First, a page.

In this powerful poetic sequence wrought of deft sercets, Cathryn Hankla navigates the slippery, ever-changing territory between art and life. The death of the poet’s father by car accident is the focal event for the collection, and all the poems reflect the collision of the physical and transcendent. Whether describing the abandoned nest of a Carolina wren or the excavation of the Kennewick Man, Hankla sounds a muted grief in these lines. But with wit, channeled through language and rhythm, the poet keeps traveling forward: by car and by camel, from San Francisco to Spain, with many stops between. As she takes us with her, finally off the map into regions of the interior, we discover what is at once weighty and wondrous, like ghostly snapshots left behind in a camera: “Everything and everyone who have carried / Us to this place.”
I pull you out by the roots, fierce love,
But you still smell of thyme and lemon.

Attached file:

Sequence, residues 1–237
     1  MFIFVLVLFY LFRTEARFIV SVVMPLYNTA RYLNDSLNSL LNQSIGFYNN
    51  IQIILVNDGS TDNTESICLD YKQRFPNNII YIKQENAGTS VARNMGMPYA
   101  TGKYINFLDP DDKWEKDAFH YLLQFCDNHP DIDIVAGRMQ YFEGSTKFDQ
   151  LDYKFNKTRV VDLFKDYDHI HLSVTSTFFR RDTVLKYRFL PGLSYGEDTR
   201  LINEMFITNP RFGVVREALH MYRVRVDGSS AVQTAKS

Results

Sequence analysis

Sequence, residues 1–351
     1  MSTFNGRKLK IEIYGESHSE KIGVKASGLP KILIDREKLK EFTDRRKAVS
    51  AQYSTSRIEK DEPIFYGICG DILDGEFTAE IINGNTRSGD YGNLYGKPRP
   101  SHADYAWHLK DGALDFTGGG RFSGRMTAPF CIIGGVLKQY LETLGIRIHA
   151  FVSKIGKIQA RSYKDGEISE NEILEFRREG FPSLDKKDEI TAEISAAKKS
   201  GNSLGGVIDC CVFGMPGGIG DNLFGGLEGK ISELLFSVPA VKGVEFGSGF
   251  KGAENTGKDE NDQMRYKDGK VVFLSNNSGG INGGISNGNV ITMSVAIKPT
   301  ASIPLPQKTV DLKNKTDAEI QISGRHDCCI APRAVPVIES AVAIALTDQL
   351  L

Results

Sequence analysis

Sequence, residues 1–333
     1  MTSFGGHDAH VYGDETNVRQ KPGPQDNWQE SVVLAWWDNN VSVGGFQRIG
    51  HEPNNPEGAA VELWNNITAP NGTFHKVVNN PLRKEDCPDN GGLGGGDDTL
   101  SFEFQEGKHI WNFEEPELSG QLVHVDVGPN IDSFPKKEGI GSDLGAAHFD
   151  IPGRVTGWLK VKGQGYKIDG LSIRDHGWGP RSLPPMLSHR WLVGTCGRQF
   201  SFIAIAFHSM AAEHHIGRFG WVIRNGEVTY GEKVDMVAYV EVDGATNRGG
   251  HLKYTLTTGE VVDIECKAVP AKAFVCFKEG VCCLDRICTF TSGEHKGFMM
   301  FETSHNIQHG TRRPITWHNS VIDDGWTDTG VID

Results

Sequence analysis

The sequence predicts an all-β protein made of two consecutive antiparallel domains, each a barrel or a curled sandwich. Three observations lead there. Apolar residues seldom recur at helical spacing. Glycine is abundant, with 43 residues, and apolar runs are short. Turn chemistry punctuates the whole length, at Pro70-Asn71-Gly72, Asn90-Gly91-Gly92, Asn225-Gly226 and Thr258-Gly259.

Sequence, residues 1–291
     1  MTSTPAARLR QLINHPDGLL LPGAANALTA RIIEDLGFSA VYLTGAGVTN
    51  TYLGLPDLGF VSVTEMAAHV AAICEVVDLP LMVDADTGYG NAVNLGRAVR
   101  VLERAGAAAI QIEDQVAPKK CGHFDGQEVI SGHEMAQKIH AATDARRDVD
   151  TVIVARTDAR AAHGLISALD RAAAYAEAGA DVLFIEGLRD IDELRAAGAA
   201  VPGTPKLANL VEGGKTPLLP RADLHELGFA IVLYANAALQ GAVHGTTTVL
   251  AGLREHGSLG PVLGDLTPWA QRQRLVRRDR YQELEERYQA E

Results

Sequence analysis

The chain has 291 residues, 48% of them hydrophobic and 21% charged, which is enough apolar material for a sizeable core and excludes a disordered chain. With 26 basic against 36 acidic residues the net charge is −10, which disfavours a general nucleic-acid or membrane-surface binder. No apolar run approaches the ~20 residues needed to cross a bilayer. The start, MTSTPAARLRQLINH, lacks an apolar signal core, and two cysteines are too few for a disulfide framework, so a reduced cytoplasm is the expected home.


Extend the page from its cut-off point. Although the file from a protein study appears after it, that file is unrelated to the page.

What were you thinking, to die
Instead of wintering, after so many seasons
Of spring shoots and new greening?
Surely your gnarled, woody fibers
Are more alive than they look.
Yet after patient weeks of rain, nothing
Grows except the cutting I potted,
A woolly patch dwarfed by purple basil.
Making space for new plants, I pull up
Withered stems, baring your roots, and
The scent runs through me, like music
Pouring through a sieve
Of consciousness, leaving only this.
“Only Thyme” published in Last Exposures: A Sequence of Poems by Cathryn Hankla.
Copyright 2004 by Cathryn Hankla. All rights reserved.
Cathryn Hankla is the author of a collection of stories, Learning the Mother Tongue; a novel, A Blue Moon in Poorwater; and a previous poetry collection, Phenomena. Her poetry has appeared in New Virginia Review, College English, Denver Quarterly, and Woman Poet: The South. She teaches in the writing program at Hollins College, in Virginia.